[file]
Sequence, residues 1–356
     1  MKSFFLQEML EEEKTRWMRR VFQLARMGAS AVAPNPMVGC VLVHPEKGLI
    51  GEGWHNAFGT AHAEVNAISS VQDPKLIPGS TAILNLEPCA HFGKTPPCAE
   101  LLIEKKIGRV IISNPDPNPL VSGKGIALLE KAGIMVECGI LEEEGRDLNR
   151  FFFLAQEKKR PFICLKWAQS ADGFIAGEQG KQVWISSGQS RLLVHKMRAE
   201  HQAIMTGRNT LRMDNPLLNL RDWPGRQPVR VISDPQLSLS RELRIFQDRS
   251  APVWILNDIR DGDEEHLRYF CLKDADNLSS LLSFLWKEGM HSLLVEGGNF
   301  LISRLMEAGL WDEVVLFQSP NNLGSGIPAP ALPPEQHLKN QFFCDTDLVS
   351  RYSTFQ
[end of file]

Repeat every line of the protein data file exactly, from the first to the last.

Sequence, residues 1–356
     1  MKSFFLQEML EEEKTRWMRR VFQLARMGAS AVAPNPMVGC VLVHPEKGLI
    51  GEGWHNAFGT AHAEVNAISS VQDPKLIPGS TAILNLEPCA HFGKTPPCAE
   101  LLIEKKIGRV IISNPDPNPL VSGKGIALLE KAGIMVECGI LEEEGRDLNR
   151  FFFLAQEKKR PFICLKWAQS ADGFIAGEQG KQVWISSGQS RLLVHKMRAE
   201  HQAIMTGRNT LRMDNPLLNL RDWPGRQPVR VISDPQLSLS RELRIFQDRS
   251  APVWILNDIR DGDEEHLRYF CLKDADNLSS LLSFLWKEGM HSLLVEGGNF
   301  LISRLMEAGL WDEVVLFQSP NNLGSGIPAP ALPPEQHLKN QFFCDTDLVS
   351  RYSTFQ